Sarah Shalene Guilbeaux: On Discovering Her Queerness and Exploring Gender Identity

Queer, Transgender / Wednesday, December 20th, 2017
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Sarah Shalene Guilbeaux is a 26-year-old, out-and-proud queer woman in New York City who feels comfortably fluid with her sexuality and gender. But it wasn’t always this easy for her.

Guilbeaux grew up in a conservative, church-going family in Southern California. On top of that, her mother was a former beauty queen, so she felt immense pressure to fit a very specific mold of how she should look and act as a woman, and of course, who she was supposed to date.

In her late teens, Guilbeaux began making friends who were gay and started observing how their lifestyle conflicted with her church’s teachings. She struggled to understand how being gay could really be a sin.

With time, Guilbeaux began to pull away from the church. And after some self-reflection — and some encouragement from friends and lovers — she began to acknowledge that she herself wasn’t straight. After a breakup with a boyfriend in her early twenties, he encouraged her to get OkCupid and find a woman to date.

A few weeks later, she met Lauren, a trans woman who is now her wife. Guilbeaux, currently a freelance photographer and writer (see her beautiful work), says her relationship with Lauren has taught her so much about gender and has given her more freedom to explore and play with her own gender identity.

Here is Guilbeaux’s story of coming to terms with her identity, what “queer” means to her, finding and marrying her wife, and realizing that life is more enjoyable when we don’t fit cleanly into boxes.

Profiles in Pride: What was your journey to coming to understand your queerness?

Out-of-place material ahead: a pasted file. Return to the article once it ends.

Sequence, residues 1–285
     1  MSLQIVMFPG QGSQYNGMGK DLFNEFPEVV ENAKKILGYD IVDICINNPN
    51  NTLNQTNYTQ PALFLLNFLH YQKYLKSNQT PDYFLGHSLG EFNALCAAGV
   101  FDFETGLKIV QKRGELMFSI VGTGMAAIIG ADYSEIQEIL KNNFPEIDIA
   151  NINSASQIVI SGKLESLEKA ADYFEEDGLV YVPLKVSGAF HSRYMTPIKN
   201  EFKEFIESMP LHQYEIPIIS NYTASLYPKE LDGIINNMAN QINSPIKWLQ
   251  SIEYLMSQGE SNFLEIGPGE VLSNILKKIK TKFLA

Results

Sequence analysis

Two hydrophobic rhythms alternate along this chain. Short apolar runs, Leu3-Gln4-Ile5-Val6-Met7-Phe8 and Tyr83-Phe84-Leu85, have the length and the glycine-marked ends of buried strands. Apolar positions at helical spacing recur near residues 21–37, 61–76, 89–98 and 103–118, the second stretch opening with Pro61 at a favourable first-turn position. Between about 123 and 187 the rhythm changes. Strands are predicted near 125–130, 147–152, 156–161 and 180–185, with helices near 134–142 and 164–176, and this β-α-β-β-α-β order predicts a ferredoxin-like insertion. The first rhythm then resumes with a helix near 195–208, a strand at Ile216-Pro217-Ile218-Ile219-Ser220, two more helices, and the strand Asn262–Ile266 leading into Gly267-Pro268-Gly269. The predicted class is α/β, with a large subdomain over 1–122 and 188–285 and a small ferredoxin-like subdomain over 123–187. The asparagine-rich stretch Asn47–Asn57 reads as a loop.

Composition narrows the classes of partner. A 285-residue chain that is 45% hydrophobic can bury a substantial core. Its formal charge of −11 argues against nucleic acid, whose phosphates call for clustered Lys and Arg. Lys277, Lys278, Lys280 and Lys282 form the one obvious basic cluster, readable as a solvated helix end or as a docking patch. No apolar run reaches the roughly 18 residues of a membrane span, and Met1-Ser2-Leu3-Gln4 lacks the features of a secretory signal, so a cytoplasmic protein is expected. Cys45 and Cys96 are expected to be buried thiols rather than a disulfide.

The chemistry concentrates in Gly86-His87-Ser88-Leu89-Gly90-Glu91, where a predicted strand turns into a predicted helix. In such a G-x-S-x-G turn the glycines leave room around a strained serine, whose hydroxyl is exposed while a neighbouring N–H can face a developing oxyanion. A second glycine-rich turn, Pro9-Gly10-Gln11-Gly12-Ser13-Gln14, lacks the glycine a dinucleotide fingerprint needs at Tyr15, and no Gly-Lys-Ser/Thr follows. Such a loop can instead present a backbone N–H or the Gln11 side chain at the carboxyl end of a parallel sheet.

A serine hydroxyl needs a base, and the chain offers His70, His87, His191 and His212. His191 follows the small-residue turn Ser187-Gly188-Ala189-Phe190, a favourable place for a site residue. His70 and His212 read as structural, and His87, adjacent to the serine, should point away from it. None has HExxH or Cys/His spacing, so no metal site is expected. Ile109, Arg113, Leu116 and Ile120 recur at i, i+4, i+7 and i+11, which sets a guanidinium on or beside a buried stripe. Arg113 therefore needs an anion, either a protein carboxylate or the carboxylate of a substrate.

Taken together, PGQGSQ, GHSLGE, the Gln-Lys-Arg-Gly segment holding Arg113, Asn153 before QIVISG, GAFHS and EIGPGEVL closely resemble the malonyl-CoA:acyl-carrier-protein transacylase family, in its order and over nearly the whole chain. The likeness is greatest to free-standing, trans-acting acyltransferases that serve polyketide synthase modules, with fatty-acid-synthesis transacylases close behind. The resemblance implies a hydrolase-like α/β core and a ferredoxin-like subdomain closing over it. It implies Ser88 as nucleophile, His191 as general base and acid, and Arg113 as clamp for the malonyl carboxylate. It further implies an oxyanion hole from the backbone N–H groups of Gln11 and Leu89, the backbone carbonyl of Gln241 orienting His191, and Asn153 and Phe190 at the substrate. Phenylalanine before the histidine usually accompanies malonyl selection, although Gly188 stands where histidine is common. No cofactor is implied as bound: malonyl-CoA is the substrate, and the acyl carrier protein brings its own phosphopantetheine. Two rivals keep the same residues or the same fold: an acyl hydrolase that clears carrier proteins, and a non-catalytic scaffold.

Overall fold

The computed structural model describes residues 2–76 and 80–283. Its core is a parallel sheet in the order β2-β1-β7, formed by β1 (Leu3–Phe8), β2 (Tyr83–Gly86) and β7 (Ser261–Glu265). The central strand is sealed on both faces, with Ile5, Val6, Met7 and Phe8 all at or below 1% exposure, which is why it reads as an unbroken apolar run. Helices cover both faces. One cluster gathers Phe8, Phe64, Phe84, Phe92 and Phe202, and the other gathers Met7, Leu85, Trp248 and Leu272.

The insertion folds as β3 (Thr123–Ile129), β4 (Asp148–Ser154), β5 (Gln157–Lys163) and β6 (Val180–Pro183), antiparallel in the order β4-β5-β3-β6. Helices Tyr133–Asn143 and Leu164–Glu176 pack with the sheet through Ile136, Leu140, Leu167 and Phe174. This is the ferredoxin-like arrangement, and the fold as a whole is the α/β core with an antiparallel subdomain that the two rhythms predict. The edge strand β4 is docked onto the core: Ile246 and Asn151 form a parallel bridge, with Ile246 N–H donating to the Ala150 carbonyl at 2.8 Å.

Sarah Shalene Guilbeaux: My apologies in advance if my story gets tangled, because it’s messy, right? It’s never a clean line from point A to point B.

I think I had an idea that I was queer probably in my late teens. I started dressing pretty androgynously and just experimenting more with gender identity. Even though in the moment I didn’t realize it, I think looking back, I started really rejecting this performative femininity that was very prominent in my Southern California upbringing. My mom especially; my mom was a beauty queen in the ‘80s, so it was a lot of hair and makeup and that was very important to her, and she imposed that on me for a long time.

So when I was 17 or 18, I started experimenting with what it would feel like to just wear jeans and a flannel button-up. But I was still very embedded in the church. And I felt those convictions very deeply. And it was around that time that I started making friends that were gay, and that put me in a weird position, because I believed really deeply in the church, and I loved my friends.

The church I was going to was pretty conservative without being “pushy.” They would never really come out and say being gay is a sin, but it would be more of a very subtle, like, “Well, we just want you to live the life that God imagines for you,” which implies a lot more and is a lot messier. And I couldn’t wrap my head around it, so there was room for me to believe it wasn’t necessarily a sin.

Sarah Shalene Guilbeaux

I was kind of a late bloomer, so I didn’t start dating until I was 18, really. My first boyfriend and I, we were together for almost three years, and in that time I confessed to him that I was attracted to women. He was down with that and was like, “Cool, we can potentially be open one day.”

There was always implied room that I could explore that if I wanted to. I just didn’t pursue it until I was 21 or so. And probably like the first time, I was newly single; we’d been engaged, and I broke off our engagement. And a female friend randomly kissed me, and I was just like, wait, what is this whole new world?

So that was kind of the moment. Well, actually the exact moment I’d define myself as queer came when one of my friends, Panda, who’s genderqueer/gender-neutral — I met them when I was 20. We met in the kitchen and we were talking about how I lived in a really big house with like 10 other people and the majority of the people in that house were gay. And so Panda asked me, “Well, what about you, are you gay?” And I said, “No, I’m straight.” And they gave me this inquisitive look and said, “Yeah, but not really, right?” It was like a lightbulb moment where was like, “Probably not really!”